On that afternoon, Dilly wandered into the old schoolroom. Though it was kept in general order by the housemaids, no one came here much anymore. The young woman opened the chest drawer and looked in at Rosamond and Lucy. The sight of them made her think of that long-ago day in the garden and, on impulse, she went to her hiding place.

There was the bracelet, gleaming never more beckoningly from the dark pocket. The girl drew the ornament out, put it on, and fastened the catch. It was pretty, too pretty to be hidden. Certainly no one would remember it after all these years, so --- she would wear it this evening! That decision seemed to come out of nowhere almost like an order.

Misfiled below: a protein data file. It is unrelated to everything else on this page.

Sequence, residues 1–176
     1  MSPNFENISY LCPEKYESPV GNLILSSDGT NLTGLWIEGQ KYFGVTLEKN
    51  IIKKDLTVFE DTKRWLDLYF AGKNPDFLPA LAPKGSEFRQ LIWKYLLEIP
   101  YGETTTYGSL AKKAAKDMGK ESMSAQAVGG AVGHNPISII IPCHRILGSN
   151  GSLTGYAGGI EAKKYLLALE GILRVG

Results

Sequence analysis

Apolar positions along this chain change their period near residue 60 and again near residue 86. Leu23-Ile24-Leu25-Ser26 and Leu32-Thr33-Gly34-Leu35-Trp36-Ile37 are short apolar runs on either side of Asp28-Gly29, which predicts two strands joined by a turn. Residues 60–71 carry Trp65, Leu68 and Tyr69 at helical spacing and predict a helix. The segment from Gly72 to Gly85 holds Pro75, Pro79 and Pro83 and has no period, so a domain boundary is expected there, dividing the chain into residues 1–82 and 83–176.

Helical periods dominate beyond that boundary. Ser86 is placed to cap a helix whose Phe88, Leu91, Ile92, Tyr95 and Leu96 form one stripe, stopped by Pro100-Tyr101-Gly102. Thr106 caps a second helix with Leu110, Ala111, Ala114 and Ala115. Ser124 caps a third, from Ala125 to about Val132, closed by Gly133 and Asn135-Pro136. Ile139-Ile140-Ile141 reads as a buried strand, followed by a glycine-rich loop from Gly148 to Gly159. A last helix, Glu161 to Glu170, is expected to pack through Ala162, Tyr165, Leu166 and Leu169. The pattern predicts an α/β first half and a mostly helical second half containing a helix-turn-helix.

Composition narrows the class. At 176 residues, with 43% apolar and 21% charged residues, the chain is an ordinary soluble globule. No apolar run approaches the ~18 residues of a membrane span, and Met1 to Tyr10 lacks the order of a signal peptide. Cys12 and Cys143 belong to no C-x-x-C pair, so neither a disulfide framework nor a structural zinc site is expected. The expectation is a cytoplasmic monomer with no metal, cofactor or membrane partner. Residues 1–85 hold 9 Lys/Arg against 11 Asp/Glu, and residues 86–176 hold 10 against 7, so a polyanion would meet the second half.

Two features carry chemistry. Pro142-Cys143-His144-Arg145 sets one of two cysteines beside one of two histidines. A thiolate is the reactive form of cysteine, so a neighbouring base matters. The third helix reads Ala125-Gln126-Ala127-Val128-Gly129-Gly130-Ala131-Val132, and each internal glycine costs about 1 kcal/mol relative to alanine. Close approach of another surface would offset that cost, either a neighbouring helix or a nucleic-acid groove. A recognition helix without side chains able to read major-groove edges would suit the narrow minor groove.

Dilly had a new dress of the palest green, and Sally, who now acted as her maid upon occasion, coaxed her red-brown hair into the most orderly waves, with a curl to lie across her shoulder. She then endured the twitching and turning of the modified-crinoline-supported skirt which was the latest fashion. And, for the first time in her life, she looked into the mirror and decided she was attractive --- as attractive as Violet had been.

"Come along with you." Mackie stood just within the door. "The first of the carriages has turned in, and you must be ready to greet the guests."

This evening, Dilly appeared to have laid her usual slightly-timid and retiring manner away with her daytime dress. Her hand sought the bracelet, turning it around and around on her wrist as she descended the stairs. Young ladies mostly wore a modest pearl necklet like the one she also had on, but there was nothing worldly or showy about her other ornament.